䊏Implement the pedometer earlier in the program. 䊏A computerized way to enter information. 䊏Limit the days of wearing the accelerometers.

䊏Have an opportunity for participants in the study to meet up in a group to share ideas.

䊏Have surveys online instead of as paperwork.

䊏More face time or a group where people can actually encourage others to increase their steps.

䊏It would be great if the pedometer could be used in competition with other participants.

䊏Different method of securing the activity monitor worn on the leg.

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scale study. Our eligibility rate (69%) assessed the number of interested individuals that qualified for the study indicates our inclusion criteria were appro-priate for the target population and would be suitable for future studies.21

Resource feasibility assessed time and monetary resources associated with participant retention and compliance with the study.13 Our high retention rate (97%) demonstrates overall acceptability and tolerability of the SLMM program. Most participants (83%) completed all behavioral coaching sessions. Issues with scheduling were the most common reason for not completing a call. On average, it took 25 days for participants to receive, complete,

and return testing materials, and this turnaround time needs to be accounted for when developing nation-wide, home-based studies. We further provide an estimate of the cost of the research as this is impor-tant for informing future funding proposals and large-scale studies.

Management feasibility assesses problems with data management and includes personnel time required for data preparation and entry as well as an analysis of missing data.13 There was a larger percentage of missing data for the activPAL accelerometer than for the ActiGraph accelerometer. Participants reported that the Tegaderm used to secure the activPAL

device on the thigh was uncomfortable.

Sitting (min/day) 609.11 (381.48) 557.96 (137.32) 570.17 (174.97) 0.18 0.08 0.13 Standing (min/day) 206.56 (72.30) 201.50 (84.82) 187.39 (81.89) 0.06 0.17 0.25 Stepping (min/day) 68.01 (26.29) 61.20 (29.76) 66.77 (32.73) 0.24 0.18 0.04 GLTEQ Total 13.07 (12.06) 19.23 (14.55) 19.40 (12.67) 0.46 0.01 0.51 HCS 5.87 (10.11) 11.38 (12.62) 10.29 (10.85) 0.48 0.09 0.42 IPAQ Sitting (min/day) 552.61 (287.29) 412.71 (269.50) 438.33 (294.28) 0.50 0.09 0.39 Physical activity 21.31 (17.38) 23.42 (19.66) 20.53 (13.59) 0.11 0.17 0.05 SF36 Phys 36.08 (12.55) 36.08 (9.45) 38.51 (10.77) 0.00 0.24 0.21 Mental 42.62 (14.65) 44.96 (12.90) 49.53 (13.83) 0.17 0.34 0.48 PhysFunc 52.33 (32.61) 57.17 (26.12) 60.19 (28.20) 0.16 0.11 0.26 RLphys 38.33 (45.83) 38.33 (42.92) 49.04 (49.23) 0.00 0.23 0.23 RLemot 52.22 (46.88) 55.56 (45.77) 71.79 (42.89) 0.07 0.37 0.44 Vitality 34.67 (24.95) 41.33 (20.88) 46.54 (24.69) 0.29 0.23 0.48 EmoWB 62.13 (24.92) 67.87 (23.24) 71.69 (23.05) 0.24 0.17 0.48 SocFunc 57.92 (25.53) 57.08 (29.30) 74.52 (23.84) 0.03 0.65 0.67 Pain 53.50 (26.57) 47.92 (24.53) 61.54 (28.36) 0.22 0.51 0.29 GenHealth 43.83 (23.37) 49.50 (19.97) 51.73 (21.07) 0.26 0.11 0.35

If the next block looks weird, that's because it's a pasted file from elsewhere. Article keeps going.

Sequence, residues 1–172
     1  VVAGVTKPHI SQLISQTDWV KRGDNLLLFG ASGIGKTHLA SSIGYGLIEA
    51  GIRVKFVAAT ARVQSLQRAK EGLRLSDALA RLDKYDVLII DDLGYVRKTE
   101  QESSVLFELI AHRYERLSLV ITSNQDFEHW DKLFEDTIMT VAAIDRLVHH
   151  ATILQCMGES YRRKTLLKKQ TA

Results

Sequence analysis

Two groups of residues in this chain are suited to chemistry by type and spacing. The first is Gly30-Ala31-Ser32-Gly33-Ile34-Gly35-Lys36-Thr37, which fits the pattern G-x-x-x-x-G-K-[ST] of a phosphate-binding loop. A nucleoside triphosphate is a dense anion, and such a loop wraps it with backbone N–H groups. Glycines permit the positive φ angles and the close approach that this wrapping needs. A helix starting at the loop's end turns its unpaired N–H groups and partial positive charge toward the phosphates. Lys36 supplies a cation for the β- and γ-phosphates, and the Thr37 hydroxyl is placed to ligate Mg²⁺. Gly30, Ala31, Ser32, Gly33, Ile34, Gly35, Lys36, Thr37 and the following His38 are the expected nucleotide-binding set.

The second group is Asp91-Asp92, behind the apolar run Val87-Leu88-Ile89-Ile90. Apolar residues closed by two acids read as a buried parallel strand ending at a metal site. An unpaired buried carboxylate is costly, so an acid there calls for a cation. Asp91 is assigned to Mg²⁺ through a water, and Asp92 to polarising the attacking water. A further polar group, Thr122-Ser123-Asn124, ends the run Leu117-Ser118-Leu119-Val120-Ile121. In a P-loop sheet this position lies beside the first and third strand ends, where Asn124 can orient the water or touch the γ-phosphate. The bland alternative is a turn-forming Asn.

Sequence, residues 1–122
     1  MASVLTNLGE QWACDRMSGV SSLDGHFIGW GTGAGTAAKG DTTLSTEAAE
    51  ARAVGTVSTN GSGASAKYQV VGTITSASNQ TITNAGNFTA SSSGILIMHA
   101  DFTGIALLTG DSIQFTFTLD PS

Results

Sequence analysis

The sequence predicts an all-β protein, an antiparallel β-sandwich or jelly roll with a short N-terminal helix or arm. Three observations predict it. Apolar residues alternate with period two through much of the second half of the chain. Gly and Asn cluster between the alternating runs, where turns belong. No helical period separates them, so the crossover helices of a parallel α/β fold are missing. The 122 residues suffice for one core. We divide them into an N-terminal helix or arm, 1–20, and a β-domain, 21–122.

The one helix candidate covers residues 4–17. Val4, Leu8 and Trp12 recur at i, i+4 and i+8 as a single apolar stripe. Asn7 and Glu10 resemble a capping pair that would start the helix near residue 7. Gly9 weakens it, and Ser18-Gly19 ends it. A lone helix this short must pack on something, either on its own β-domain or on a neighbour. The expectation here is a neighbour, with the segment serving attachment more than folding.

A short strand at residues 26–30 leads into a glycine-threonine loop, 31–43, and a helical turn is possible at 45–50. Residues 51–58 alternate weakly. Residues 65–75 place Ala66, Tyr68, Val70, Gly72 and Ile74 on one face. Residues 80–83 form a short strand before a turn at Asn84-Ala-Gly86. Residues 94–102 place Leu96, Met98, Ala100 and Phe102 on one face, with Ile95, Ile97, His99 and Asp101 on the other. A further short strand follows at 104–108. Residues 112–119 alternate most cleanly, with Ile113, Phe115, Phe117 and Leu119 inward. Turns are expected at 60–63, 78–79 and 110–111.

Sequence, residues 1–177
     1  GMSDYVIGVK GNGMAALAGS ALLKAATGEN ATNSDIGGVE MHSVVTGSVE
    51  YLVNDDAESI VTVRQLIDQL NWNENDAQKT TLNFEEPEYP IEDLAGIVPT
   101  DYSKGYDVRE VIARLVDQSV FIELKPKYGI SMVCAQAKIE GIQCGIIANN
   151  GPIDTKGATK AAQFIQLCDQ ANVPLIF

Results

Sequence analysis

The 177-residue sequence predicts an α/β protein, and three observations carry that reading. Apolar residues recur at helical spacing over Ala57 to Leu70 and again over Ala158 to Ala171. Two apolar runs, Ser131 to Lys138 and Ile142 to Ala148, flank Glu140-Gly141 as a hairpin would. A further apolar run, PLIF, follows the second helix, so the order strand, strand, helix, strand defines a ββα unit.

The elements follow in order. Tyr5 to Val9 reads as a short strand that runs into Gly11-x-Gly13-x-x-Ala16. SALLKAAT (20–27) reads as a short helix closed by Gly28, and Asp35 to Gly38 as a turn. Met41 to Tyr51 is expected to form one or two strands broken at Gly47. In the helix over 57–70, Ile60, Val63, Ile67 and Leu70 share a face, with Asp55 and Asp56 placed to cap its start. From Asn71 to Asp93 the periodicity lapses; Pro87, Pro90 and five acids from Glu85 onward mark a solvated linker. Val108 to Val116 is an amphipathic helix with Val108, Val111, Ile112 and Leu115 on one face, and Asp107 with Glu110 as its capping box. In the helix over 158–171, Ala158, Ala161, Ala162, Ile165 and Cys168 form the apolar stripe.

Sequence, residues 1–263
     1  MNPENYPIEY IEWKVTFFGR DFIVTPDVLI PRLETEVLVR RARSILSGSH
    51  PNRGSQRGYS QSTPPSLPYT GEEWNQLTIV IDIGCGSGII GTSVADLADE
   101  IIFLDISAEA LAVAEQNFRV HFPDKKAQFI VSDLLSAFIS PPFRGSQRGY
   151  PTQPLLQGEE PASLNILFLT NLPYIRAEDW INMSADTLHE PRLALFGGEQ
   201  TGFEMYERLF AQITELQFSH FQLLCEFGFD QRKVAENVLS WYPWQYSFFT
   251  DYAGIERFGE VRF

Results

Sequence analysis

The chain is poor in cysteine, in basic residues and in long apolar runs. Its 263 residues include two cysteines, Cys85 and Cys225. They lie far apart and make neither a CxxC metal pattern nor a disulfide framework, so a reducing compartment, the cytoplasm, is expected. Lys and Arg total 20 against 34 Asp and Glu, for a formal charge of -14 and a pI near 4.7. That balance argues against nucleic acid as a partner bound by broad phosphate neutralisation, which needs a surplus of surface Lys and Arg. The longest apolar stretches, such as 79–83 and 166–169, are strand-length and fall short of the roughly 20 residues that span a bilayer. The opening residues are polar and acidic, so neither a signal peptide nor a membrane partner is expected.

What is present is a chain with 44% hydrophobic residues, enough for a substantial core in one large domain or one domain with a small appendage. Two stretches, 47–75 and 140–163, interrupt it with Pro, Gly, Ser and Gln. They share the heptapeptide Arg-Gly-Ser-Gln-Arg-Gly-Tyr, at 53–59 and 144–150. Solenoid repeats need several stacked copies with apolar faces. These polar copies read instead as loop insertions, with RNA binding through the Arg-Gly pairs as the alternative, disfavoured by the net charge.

Data presented as mean (SD). LPA: light physical activity; MVPA: moderate to vigorous physical activity; GLTEQ: Godin Leisure-Time Exercise Questionnaire; HCS: health contribution score; IPAQ: abbreviated version of International Physical Activity Questionnaire; SF36: 36-Item Short-Form Health Survey; Phys: physical component score; Mental: mental component score; PhysFunc: physical function subscale; RLphys: role limitations due to physical health problems subscale; Rlemot: role limitations due to emotional problems subscale; Vitality: vitality subscale; EmoWb: emotional wellbeing subscale; SocFunc: social functioning subscale; Pain: bodily pain subscale; GenHealth: general health perceptions subscale.

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Additionally, the activPAL device was visible when wearing certain types of clothing (e.g. shorts), and participants reported not wearing the device when it could not be adequately covered. It should also be noted that the data-collection period for the activPAL device is limited to a 2-week window, whereas the ActiGraph will continue to collect data as long as the battery lasts (30 days). At times, the data collection period of the activPAL device would end before participants had completed all 7 days of wear. In terms of self-report outcomes, the high per-centage of missing data for the sitting question on the IPAQ is of concern. Many participants chose “I don’t know/Not sure” in response to this question instead of estimating the time spent sitting.

Scientific feasibility assesses the safety of the inter-vention, participant burden and acceptability, and the effect of the intervention on measured out-comes.13 No adverse events or health problems were reported by participants, indicating the safety of the SLMM program in people with MS. Overall, feedback from the survey indicated a high level of satisfaction and acceptability of the SLMM program (Figure 3). Feedback from the open-ended questions on the survey (Table 3) indicated the most burden-some aspects of the study were issues with assess-ment materials (e.g. discomfort of the Tegaderm, amount of paperwork), and not the intervention itself.